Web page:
As RIM tries to stay afloat until it’s Blackberry 10 devices hits the market, rumors are  circulating that RIM is having trouble with developers.  The last thing RIM needs is developers jumping ship.  They need all the help they can get for their new devices.

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Research in Motion today denied that it is losing developers, and said reports to the contrary “do not gel with what we’re seeing in the real world.”

The issue made headlines after a report from Baird Equity Research claimed that RIM was losing developers and that interest in BlackBerry 10 was waning. In response, Alec Saunders, RIM’s head of developer relations, penned a blog post in which he claimed to be “pretty shocked” by Baird’s findings.

Saunders said RIM’s BlackBerry App World vendor base grew 157 percent in the last year, and pointed to the recent 3 billion download milestone.

More importantly, he said, are the crowds for the current BlackBerry 10 Jam World Tour. RIM “has seen over capacity registration in almost every city, including New York, Santa Clara, Toronto, Jakarta, Singapore, Delhi, and Montreal,” Saunders wrote. “We have already spoken to almost 5,000 developers and the feedback has been phenomenal (don’t take my word for it, search Twitter for the hashtag #bb10jam).”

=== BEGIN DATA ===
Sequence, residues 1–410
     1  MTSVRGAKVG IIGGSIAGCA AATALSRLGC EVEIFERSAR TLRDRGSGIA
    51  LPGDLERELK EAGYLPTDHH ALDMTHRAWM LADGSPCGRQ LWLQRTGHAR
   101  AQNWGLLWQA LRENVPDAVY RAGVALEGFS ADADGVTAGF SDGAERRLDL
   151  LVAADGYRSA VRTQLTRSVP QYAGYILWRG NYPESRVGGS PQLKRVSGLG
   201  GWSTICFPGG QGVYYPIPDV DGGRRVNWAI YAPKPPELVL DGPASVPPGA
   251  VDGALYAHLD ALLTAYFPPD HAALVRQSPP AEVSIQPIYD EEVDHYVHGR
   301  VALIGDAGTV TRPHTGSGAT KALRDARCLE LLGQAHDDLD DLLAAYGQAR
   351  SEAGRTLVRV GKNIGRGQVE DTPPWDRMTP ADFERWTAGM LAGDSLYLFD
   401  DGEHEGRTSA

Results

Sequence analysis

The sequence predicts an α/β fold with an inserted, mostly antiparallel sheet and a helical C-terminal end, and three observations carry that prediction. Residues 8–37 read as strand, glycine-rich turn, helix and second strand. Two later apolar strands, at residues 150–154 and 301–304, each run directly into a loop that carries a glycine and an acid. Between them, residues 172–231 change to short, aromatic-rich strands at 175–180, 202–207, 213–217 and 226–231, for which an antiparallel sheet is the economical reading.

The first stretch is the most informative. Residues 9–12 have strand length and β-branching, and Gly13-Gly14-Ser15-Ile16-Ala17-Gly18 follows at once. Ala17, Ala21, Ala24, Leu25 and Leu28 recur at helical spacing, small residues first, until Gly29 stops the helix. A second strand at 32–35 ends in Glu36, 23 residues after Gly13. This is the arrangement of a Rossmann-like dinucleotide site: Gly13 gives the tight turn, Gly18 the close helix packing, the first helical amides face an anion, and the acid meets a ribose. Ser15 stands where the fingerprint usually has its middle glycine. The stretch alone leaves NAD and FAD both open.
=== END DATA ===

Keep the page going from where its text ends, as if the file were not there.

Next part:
According to Saunders, developers are “amazed at how easy it is to work with the BlackBerry 10 tools.”

“The other thing I hear consistently is that RIM simply treats developers better than anyone else in the mobile industry,” he wrote. “To all new developers coming on board, we are building something amazing and we know you will be impressed by the open nature of our platform and our commitment to you. Welcome!”

As reported by All Things D, the Baird report found that “dev sentiment toward BlackBerry 10 and BlackBerry 7 in general at a new low.”

On a 10-point scale, interest in BlackBerry 10 dropped from 4.6 to 3.8 between the first and second quarter. Interest in iOS was at 9.3 and Android landed at 8.7, Baird found.

Baird said many developers disillusioned with RIM have already jumped ship, leaving the company with a “smaller but increasingly loyal” developer base, ATD said.

The next big question is when BlackBerry 10 will actually make its debut. Last month, RIM announced that it would delay the rollout of its BlackBerry 10 OS from the fall until the first quarter of 2013. By that time, we’ll likely have another iPhone in the market, as well as a handful of Android Jelly Bean-enhanced Android smartphones. Is BlackBerry 10 spectacular enough to compete?